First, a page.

SUMMARY OF THE INVENTION It is an object of the present invention to provide a novel panel-type heating unit which utilizes an electrically resistive board containing carbon fibers and which is of versatile utility in heating and heat-preservation of various objects.
Another object of the present invention is to provide a heating unit of the type described, which can generate heat ata desired temperature because of the stabilized resistance of the electrically resistive board.
Still another object of the present invention is to provide a heating unit of the type described, which is capable of generating heat substantially uniformly at the entire faces of the panel while automatically maintaining the given temperature.
Yet another object of the present invention is to provide a heating unit of the type described, which is suitable for the heating or heat-preservation of flat planar surfaces of various construction materials.
A further object of the present invention is to provide a heating unit of the type described, which can be obtained in the form of panel of a substantially great length and yet is capable of generating heat at a desired temperature substantially uniformly at the entire surfaces of the panel.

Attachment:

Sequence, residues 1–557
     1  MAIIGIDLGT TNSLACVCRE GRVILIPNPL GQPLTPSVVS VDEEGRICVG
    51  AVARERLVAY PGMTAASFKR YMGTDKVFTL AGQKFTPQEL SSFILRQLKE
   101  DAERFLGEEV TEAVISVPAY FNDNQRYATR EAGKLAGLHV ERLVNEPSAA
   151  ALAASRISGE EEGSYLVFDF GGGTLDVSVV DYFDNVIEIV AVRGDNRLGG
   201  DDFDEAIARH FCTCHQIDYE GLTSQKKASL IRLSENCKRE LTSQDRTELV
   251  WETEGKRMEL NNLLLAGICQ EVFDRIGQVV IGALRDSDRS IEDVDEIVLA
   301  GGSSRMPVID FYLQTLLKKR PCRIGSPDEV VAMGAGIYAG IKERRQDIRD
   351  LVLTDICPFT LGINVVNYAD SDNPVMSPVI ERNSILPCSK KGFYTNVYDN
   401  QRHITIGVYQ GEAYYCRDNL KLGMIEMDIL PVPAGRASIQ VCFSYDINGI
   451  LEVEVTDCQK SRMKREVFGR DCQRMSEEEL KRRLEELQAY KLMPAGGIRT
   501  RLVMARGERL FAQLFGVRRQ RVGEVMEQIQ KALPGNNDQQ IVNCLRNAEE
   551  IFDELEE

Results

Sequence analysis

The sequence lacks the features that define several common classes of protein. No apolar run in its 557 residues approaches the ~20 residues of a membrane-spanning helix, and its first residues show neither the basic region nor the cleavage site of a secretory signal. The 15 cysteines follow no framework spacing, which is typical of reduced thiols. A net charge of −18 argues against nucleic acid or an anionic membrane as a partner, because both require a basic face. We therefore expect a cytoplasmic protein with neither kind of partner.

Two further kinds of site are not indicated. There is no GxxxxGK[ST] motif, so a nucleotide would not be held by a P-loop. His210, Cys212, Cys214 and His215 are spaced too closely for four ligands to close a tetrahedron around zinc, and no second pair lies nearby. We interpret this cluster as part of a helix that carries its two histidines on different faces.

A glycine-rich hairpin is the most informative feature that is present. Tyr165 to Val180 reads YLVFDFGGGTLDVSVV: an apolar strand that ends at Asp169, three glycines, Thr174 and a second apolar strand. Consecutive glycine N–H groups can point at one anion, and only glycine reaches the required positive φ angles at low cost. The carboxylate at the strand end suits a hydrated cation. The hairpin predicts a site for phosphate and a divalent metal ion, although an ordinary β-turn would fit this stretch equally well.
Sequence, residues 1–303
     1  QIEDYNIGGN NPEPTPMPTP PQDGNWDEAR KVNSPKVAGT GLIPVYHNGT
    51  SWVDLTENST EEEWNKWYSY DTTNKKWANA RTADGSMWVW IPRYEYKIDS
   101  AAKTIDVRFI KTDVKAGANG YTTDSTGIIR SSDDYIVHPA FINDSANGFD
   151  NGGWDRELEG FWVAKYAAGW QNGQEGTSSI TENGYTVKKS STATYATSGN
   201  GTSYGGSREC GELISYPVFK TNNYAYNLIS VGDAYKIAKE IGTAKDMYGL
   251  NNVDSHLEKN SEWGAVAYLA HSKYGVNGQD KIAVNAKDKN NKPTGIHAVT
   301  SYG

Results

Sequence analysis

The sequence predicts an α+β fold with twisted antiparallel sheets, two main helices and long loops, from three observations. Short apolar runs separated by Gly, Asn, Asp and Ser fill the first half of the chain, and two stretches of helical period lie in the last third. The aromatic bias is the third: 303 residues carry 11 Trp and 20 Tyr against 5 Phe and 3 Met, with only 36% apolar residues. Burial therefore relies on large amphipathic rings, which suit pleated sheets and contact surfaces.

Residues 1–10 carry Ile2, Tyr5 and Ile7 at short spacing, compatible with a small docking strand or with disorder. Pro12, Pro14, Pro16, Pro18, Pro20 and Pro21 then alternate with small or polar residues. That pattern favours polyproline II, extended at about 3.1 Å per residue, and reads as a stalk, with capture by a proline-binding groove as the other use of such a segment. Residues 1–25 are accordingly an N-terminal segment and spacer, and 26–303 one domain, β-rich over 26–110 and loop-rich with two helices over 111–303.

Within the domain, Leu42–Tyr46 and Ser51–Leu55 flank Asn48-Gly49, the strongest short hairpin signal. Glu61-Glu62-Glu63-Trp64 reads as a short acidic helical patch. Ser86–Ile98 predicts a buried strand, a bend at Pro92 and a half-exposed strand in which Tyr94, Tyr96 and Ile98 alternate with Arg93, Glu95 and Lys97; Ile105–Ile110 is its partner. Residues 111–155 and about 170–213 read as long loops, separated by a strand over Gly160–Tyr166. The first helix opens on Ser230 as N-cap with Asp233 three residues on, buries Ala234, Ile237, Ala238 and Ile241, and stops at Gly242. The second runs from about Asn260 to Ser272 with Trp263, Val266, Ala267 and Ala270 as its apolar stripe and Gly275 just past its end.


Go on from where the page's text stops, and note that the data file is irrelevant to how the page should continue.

A still further object of the present invention is to provide a flexible heating unit of the type described, which is suitable for the heating of curved surfaces of cylindrical tanks or like constructions.
Yet a further object of the present invention is to provide a heating unit of the type described, which is intended for use in space heating by applying the unit to the floor and/or walls of a room so that the room can be heated at a relatively low temperature for human being.
Another object of the present invention is to provide a heating unit of the type described which is useful in melting the snow or ice at the surface of roads or roofs of buildings.
Other objects, features and advantages of the present invention will become apparent from the following detailed description when taken in conjunction with the accompanying drawings.
BRIEF DESCRIPTION OF THE DRAWINGS FIG. 1 is a cross sectional view of an embodiment of the panel-type heating unit of the present invention;
FIG. 2 is a plan view, partly broken away, of the heating unit shown in FIG. 1;